Archive for July, 2016

Zelda II

I recently reviewed Zelda II: The Adventure of Link, but I love the game so much that I felt compelled to expand on my thoughts.

As I stated in the review, Zelda II seems to have a magic that not many games have. There’s something enchanting about the game that pulls me in every single time I play the game. It never fails. At this point, I’ve probably played through Zelda II about a dozen times. Maybe more. Yet, it never gets old.

I will admit that at least some of that is nostalgia, but some of it is also the fact that Zelda II, more than most games, seems to take me back to being a kid and playing these games for the first time. I realize that that sounds like the same thing, but it goes deeper than simple nostalgia for me.

If you didn’t grow up in the NES era, then you have to understand that the natural limitations of the system almost required an active imagination. If you take a game like Zelda II at face value, then you’ll see an overworld with some paint by number villages, a few caves, and some temples to explore. But, if you can place it in that time period, it becomes something much more. That overworld was a vast, sprawling land that compelled you to check every nook and cranny. You just didn’t know where a hidden treasure bag may be lurking or a house may be hidden in a forest area. It offered up a ton of possibilities. The system couldn’t present a land that looked like Ocarina of Time, so the developers instead presented the idea of that land, and for me, it worked perfectly.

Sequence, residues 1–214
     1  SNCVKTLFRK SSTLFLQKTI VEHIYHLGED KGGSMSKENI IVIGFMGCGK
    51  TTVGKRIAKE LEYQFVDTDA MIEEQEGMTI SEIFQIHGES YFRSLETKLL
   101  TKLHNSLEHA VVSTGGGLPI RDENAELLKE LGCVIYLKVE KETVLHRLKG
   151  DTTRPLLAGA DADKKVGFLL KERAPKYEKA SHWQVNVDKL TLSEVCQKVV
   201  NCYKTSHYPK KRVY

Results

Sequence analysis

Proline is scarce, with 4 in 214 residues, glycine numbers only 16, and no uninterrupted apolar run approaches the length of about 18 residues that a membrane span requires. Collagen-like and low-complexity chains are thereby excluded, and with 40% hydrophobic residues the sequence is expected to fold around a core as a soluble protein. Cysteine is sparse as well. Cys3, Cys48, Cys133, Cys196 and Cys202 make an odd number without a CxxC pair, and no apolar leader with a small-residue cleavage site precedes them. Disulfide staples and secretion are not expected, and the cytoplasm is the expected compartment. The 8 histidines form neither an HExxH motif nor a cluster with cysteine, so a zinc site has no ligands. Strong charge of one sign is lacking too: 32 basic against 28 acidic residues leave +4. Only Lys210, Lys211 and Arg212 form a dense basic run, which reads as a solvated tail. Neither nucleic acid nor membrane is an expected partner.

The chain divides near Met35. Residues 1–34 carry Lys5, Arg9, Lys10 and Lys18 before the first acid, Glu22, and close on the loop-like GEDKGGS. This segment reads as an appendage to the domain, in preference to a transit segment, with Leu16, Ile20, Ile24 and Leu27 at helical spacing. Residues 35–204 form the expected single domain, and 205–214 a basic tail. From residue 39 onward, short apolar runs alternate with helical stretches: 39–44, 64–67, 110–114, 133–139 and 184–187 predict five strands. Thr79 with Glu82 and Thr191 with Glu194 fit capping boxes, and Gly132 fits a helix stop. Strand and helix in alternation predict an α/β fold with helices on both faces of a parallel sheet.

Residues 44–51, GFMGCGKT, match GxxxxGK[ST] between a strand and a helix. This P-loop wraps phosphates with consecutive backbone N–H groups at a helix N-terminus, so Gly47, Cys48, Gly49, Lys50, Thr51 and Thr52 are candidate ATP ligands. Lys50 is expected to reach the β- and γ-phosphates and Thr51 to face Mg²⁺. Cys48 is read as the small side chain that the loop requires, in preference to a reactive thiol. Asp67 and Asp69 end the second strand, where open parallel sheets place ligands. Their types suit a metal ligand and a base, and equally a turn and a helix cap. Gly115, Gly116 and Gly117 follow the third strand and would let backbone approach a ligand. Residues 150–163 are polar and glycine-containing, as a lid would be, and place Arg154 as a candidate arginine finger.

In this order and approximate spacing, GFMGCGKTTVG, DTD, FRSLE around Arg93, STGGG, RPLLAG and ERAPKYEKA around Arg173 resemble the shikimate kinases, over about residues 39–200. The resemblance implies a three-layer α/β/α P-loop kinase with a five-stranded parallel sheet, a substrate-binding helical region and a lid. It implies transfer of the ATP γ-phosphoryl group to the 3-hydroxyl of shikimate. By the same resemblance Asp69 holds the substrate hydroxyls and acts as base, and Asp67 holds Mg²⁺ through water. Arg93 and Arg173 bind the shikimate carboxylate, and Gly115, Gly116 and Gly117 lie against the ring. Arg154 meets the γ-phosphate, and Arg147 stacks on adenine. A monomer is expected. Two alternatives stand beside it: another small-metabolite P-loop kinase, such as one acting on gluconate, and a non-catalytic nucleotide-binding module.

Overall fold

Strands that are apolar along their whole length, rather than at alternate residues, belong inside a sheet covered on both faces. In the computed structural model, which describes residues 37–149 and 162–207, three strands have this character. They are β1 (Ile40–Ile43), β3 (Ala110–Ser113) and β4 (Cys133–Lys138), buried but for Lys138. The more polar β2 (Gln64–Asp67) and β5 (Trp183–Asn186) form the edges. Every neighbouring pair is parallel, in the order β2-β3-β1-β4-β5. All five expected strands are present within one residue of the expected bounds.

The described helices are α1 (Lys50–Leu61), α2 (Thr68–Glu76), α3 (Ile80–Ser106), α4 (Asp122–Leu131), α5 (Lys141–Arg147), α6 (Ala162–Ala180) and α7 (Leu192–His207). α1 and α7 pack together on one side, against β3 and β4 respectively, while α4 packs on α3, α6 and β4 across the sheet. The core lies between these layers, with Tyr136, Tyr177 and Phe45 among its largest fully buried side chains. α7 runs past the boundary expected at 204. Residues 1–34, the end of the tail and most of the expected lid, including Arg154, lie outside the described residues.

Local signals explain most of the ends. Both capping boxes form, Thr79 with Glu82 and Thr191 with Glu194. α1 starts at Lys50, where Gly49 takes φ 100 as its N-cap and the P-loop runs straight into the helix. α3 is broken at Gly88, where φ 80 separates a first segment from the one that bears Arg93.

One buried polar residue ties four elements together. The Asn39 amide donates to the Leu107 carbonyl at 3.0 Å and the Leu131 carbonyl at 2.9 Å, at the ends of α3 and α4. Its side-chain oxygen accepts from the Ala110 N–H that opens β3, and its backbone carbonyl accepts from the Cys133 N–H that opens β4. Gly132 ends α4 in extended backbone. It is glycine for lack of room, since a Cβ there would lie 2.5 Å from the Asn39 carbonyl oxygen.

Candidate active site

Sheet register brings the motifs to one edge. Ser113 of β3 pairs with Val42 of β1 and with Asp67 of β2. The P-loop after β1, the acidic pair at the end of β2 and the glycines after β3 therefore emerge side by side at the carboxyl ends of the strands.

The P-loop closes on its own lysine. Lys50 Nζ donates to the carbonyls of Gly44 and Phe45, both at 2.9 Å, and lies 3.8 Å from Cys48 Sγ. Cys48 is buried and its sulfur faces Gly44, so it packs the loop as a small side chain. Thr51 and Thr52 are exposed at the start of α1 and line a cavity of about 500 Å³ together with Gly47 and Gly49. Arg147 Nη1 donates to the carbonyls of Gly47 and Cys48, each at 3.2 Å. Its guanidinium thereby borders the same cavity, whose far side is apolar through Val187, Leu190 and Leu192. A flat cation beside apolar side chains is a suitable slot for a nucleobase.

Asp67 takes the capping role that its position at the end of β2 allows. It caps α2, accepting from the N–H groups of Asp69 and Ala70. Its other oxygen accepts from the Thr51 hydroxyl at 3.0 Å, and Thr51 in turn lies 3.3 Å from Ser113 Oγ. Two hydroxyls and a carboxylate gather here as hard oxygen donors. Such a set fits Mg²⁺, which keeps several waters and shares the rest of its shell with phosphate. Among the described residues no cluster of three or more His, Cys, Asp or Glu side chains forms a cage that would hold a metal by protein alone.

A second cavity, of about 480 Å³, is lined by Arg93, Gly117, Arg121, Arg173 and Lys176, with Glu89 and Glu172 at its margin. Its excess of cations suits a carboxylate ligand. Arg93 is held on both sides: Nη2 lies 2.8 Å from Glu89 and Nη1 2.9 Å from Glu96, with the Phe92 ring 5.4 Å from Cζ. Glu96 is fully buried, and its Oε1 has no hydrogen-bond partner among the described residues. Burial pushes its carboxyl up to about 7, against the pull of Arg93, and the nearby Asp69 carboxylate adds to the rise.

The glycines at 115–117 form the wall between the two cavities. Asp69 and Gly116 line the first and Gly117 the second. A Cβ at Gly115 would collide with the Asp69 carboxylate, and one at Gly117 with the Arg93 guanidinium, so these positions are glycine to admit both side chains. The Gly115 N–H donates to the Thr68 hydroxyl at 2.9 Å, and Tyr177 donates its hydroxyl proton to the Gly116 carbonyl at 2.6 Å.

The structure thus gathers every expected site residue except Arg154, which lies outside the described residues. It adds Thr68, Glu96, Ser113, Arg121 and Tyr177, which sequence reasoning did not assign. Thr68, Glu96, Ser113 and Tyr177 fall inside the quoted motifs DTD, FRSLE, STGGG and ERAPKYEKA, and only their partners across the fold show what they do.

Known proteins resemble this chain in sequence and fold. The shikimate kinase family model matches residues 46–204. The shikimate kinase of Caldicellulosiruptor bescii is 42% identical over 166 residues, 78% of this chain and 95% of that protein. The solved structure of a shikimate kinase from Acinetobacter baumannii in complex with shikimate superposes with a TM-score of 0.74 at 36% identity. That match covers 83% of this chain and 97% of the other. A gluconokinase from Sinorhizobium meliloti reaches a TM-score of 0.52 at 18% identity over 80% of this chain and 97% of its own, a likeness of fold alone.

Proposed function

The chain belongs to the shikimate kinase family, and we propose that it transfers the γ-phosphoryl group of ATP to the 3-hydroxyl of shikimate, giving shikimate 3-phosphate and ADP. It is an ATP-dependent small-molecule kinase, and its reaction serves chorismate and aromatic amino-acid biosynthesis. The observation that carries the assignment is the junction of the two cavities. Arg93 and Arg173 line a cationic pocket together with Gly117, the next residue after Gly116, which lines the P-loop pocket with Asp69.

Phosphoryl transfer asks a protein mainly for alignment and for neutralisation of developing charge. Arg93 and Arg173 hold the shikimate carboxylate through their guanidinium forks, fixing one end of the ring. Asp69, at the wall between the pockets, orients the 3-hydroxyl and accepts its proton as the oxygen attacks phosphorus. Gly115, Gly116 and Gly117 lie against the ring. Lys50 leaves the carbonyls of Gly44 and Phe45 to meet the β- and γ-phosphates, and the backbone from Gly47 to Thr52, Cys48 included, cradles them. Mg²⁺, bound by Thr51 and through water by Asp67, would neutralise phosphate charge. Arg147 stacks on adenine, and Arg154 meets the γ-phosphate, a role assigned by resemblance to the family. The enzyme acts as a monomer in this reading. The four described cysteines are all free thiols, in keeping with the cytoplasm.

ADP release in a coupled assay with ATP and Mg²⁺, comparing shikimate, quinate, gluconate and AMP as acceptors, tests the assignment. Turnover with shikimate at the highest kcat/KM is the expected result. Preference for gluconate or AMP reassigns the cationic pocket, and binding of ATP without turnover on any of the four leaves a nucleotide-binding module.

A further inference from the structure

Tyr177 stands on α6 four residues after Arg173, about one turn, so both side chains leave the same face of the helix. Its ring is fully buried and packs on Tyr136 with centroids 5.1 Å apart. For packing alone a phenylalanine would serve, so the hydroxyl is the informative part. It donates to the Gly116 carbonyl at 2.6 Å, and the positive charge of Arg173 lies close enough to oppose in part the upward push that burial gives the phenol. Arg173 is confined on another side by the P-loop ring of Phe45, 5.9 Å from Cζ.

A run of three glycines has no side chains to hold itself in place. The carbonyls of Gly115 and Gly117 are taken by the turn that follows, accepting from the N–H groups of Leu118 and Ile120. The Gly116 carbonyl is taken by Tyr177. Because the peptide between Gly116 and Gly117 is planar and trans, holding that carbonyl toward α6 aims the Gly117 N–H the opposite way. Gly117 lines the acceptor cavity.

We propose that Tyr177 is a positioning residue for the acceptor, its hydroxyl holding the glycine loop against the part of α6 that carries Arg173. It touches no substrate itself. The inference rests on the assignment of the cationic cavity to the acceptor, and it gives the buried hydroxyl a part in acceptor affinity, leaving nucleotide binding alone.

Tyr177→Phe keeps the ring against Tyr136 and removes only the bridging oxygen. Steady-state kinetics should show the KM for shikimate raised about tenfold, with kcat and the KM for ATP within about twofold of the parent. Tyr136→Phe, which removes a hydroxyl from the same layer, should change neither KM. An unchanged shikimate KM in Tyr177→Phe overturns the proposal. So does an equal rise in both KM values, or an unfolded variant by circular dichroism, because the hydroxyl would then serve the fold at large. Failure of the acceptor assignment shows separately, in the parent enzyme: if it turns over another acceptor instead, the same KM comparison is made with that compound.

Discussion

I think this more than anything made the game seem massive. When you’d finished the temples on the first continent, you ride a raft to the east only to find an entirely new continent. It’s almost impossible to explain how amazing that was as a kid unused to such massive surprises hiding in a game. It was such a joy to find that you’d only gone through about half of the game at that point, and had so much more to do. A good comp for how it made me feel is how surprised players where in Symphony of the Night when they get taken to the inverted castle and have an entirely new map, the same size as the map they’d been exploring, to fight their way through. That’s how it made me feel, and I still get a bit of that wonder today when I replay it.

Zelda II also serves as a reminder of when there were no internet spoilers, and no FAQ’s to help you out. You needed to explore the land fully, lest you miss something good. That wasn’t an annoying task though, it was part of the joy of the game. Also, as a bit of an open-world game, Zelda II almost challenged you to sequence break. Could I get to the second area without getting the candle first? [For the record, yes, I can.] Can I take on the fourth temple before the third? What happens if I just get the item in the temple, but don’t place the crystal? For a kid, the possibilities were almost limitless. I couldn’t look up the answers to these questions, so I had to test each one out, and I kept coming back to the game to see what it would let me do.